HYD Insider


Crystallins in Human Eye Lenses

The protein crystallins in human eye lenses are the most abundant proteins in the body. These molecules possess high refractive index increments and large aromatic and sulphurous residues. In addition, they absorb UV light strongly. Their concentration in lens cells is 320 mg ml -1. By the ten-mm stage, the lens vesicle separates from the surface ectoderm.

The main function of the eye lens is to focus light on the retina. It helps to change the focal distance of the eye by changing its shape. The lens’s shape is biconvex, and is similar to the ellipsoid shape of a sphere stretched out. The adult lens is 10 mm long and four mm in diameter from front to back. It changes korean circle lenses AU shape as the distance is adjusted, causing the retina to become focused on the object.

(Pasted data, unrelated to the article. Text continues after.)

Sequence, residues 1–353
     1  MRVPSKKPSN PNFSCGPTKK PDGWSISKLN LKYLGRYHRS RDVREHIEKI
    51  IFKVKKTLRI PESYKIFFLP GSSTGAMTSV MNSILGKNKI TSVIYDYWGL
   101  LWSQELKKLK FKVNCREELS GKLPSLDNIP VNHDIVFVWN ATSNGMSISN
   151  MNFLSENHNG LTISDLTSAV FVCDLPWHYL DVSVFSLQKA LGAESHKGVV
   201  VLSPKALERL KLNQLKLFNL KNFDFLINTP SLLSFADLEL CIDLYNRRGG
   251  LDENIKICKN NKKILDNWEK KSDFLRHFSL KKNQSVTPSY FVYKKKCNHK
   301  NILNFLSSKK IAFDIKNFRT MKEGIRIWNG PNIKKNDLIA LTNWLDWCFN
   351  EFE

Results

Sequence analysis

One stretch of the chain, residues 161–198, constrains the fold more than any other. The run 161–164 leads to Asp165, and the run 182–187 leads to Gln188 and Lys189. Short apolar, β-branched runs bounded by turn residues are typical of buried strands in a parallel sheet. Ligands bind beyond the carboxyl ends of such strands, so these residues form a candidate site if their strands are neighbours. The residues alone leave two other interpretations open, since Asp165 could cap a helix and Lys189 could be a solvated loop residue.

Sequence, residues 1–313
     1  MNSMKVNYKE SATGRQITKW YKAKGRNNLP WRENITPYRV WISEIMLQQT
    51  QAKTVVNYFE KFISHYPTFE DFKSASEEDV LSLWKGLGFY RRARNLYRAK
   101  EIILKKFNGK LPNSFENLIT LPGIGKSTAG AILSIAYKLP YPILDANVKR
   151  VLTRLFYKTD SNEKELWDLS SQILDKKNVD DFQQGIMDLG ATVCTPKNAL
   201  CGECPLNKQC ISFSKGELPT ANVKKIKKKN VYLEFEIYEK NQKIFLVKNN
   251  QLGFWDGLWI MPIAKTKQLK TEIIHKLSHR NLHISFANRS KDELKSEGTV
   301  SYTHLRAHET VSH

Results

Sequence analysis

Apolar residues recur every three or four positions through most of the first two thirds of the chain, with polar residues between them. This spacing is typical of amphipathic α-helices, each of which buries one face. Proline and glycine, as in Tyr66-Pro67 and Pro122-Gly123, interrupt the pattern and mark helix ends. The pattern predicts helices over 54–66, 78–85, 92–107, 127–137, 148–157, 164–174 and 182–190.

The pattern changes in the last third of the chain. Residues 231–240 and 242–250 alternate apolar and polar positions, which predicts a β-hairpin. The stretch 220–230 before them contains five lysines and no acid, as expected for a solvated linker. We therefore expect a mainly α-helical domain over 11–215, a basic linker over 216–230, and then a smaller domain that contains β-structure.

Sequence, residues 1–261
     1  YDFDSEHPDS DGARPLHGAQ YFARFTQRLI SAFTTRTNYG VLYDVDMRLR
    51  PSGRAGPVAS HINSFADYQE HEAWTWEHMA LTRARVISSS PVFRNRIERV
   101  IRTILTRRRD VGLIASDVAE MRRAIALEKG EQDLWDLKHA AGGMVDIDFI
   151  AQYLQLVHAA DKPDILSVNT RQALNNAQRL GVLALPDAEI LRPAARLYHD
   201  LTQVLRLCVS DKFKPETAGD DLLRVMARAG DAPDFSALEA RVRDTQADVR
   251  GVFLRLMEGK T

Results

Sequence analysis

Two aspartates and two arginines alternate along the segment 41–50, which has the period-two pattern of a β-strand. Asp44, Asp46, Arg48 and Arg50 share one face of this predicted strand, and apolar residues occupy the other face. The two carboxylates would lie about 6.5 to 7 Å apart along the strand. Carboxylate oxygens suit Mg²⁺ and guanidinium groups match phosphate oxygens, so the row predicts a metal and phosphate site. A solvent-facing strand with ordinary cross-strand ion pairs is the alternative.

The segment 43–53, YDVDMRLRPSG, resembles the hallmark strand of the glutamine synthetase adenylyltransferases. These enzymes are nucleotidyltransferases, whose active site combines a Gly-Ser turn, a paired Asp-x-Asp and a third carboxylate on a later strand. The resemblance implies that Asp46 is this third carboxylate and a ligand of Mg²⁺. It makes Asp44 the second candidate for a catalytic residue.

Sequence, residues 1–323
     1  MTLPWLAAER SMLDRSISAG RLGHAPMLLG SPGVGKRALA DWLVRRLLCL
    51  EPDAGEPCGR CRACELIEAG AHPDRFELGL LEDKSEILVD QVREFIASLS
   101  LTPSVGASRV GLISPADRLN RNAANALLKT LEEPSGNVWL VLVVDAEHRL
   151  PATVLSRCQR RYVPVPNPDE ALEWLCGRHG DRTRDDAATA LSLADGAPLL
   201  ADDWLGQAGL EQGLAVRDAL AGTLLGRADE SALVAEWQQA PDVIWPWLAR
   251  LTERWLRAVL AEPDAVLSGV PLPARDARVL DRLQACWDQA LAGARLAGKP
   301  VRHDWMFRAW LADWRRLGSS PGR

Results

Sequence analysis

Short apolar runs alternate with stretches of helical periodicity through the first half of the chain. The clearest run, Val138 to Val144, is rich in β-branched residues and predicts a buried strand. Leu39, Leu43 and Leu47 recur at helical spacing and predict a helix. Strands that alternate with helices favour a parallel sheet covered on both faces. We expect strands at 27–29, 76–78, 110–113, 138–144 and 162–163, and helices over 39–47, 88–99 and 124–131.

The human lens has three layers that vary in their refractive index. One layer is densely packed with crystallin proteins while another layer is thin and amorphous. These layers are separated by the cornea. The thickness of the lens varies depending on the focal distance. The thicker the lens, the higher the refractive power. The thinned lens is thinner than the other two layers. The cornea is the third layer, which holds the lens in place and provides the eye with aqueous humor.

The crystallin proteins in human eye lenses are abundant in all vertebrate species. These proteins form a variety of oligomeric structures, including a-, b-, and g-crystallin. The lens cortex is made up of small dimers. They are the main part of the human eye. They make up the majority of the human eye’s lens. There are two distinct types of crystallin: